space beyond opposition to colonialism and racism. Frantz Fanon also

pointed out that opposition to colonialism and racism in itself does not

provide a sufficient condition for Africa’s full freedom. In his words,

“colonialism and its derivates do not, as a matter of fact, constitute the

present enemies of Africa. In a short time, this continent will be liberated.

For my part., the deeper I enter into the cultures and the political circles,

the surer I am that the great danger that threatens Africa is the absence of

ideology.”

 

In Africa, there has always been a goal-identity that is shared by all

types of political communities. When the OAU was formed in 1963 both

the radical Casablanca group with its slogan of “Africa Must Unite Now!”,

and the more conservative Monrovia group’s belief that Africa should

unite gradually- had both unity as a shared goal-identity. We can say they

shared the ultimate goal but differed on strategy. The chief architect of the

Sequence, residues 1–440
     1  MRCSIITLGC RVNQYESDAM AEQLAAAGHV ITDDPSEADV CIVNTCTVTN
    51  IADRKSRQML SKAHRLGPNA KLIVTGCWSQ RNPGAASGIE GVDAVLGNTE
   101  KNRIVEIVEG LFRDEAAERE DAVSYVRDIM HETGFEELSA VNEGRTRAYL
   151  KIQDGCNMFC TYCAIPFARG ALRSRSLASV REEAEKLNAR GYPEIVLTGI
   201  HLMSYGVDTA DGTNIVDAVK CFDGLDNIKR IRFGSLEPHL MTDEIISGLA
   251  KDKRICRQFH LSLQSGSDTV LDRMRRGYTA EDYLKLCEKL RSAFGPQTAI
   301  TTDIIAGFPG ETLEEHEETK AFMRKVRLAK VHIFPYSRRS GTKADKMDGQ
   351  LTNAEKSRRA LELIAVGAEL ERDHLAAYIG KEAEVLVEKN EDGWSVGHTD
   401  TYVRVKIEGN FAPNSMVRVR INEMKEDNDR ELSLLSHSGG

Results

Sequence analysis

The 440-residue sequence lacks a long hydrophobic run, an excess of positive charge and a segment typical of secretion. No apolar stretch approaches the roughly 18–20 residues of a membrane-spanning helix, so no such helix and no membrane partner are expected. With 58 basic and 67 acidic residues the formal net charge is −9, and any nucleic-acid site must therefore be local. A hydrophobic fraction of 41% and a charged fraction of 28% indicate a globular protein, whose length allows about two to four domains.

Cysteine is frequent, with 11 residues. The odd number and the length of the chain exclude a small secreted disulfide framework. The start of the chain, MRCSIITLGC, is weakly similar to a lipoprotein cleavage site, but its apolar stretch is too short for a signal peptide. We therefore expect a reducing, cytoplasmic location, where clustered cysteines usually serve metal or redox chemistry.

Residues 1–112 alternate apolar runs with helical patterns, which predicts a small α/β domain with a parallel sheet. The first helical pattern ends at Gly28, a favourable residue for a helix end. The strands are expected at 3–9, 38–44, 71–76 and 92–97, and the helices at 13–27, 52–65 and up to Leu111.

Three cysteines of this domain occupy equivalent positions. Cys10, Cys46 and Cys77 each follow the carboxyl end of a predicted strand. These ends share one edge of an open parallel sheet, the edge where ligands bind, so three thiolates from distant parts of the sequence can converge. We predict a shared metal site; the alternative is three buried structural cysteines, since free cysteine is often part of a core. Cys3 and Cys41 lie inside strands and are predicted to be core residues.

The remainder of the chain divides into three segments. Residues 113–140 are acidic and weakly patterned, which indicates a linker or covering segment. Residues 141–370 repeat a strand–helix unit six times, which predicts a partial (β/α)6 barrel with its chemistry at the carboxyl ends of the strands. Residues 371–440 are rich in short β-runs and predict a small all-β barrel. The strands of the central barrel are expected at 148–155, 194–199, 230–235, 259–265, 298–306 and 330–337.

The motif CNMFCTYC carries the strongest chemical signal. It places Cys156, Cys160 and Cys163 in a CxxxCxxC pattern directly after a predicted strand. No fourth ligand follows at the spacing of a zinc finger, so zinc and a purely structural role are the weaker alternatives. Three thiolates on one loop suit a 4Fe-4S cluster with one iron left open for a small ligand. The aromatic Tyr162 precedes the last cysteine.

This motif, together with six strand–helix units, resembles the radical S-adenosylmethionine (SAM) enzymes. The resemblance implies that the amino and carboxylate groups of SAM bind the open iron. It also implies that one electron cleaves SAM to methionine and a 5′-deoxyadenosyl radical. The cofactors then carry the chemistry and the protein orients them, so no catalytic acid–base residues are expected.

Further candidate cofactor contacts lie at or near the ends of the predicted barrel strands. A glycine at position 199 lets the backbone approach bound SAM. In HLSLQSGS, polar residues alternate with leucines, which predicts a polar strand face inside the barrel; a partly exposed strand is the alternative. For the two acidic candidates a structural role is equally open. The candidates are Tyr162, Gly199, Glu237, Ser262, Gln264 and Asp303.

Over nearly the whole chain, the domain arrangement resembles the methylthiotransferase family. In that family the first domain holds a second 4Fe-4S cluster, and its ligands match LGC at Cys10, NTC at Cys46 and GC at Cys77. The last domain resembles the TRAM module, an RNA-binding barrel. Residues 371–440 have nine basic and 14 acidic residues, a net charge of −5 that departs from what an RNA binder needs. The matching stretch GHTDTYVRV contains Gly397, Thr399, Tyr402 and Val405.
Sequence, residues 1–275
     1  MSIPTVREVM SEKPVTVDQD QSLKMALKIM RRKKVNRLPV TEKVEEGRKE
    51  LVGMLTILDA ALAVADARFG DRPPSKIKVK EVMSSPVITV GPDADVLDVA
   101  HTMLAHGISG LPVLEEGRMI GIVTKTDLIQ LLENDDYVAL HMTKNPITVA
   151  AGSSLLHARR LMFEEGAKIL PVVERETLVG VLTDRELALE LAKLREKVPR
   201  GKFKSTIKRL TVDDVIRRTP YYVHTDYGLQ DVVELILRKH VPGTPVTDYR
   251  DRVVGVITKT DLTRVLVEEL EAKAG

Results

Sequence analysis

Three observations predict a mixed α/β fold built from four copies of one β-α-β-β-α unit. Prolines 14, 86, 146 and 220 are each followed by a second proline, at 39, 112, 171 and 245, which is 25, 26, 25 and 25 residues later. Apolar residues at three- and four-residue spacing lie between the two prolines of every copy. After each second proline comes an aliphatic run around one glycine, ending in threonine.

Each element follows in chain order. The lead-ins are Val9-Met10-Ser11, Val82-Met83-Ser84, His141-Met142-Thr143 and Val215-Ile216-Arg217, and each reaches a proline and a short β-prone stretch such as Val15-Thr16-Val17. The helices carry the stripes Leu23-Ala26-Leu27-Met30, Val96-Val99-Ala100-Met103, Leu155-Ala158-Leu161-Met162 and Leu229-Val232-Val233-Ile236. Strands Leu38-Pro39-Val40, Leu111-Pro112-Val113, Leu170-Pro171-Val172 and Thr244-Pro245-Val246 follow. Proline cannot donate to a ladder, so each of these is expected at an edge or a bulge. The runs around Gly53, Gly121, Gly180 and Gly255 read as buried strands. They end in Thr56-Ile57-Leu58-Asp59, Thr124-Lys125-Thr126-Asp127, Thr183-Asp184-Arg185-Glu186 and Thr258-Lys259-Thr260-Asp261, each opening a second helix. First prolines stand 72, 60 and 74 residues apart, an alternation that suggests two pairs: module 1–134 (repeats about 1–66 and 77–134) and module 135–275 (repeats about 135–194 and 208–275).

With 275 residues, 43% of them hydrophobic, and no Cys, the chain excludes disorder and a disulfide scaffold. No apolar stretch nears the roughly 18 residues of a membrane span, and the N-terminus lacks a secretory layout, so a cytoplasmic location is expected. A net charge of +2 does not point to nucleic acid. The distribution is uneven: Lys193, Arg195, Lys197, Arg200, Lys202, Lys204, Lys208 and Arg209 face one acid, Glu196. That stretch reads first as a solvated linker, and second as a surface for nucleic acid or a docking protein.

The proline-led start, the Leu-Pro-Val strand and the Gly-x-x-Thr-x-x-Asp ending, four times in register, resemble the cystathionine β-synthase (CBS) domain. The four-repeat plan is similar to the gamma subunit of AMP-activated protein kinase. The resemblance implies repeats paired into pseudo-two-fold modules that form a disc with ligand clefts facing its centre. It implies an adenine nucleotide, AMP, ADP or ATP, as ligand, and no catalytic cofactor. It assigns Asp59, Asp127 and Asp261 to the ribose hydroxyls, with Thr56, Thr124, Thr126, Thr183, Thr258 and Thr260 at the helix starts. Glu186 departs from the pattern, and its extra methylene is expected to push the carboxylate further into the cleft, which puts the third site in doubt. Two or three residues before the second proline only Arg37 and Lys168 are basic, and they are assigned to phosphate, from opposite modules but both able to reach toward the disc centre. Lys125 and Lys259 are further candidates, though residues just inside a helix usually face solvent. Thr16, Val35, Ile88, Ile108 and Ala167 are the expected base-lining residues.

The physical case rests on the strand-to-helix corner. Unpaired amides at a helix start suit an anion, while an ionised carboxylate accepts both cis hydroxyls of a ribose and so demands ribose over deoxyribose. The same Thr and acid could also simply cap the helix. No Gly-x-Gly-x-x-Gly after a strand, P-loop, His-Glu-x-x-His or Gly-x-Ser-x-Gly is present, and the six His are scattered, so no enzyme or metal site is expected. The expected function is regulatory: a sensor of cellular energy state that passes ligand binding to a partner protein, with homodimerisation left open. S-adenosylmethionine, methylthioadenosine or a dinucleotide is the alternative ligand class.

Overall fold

Monrovia group, the late President Flex- Houphouet-Boigny had declared

that “Africa is seeking her salvation through unity, unity of action.” The

situation is exactly the same now with the African Union that replaced the

OAU. There are some Africans who wish to form a more integrated Africa

by accelerating the tempo of unification and others that think the best way

to avoid the chaos of immediate unity is a gradualist approach. Like in the

earlier period, both would like unity as a goal-identity to take place.

While the Right says we must bring about such unity through

functional coordination and ceding sovereignty inch-by- inch through the

long haul, the Left wishes to bring a rapid combination of African

post-colonial states into a unity-identity. The fact that there is no

difference in achieving the ultimate goal is perhaps a very welcome

development that bodes well for the project of African unity.

Diversity in Africa constitutes the Achilles hill of Africa’s undoing.

Fractured and disunited, the lack of primary loyalty to African-ness

remains the sore problem undermining efforts to bring about Africa’s fully

decolonized future. Africans have neither recognised being African as their

premier identity, nor have they discovered that identity. They still express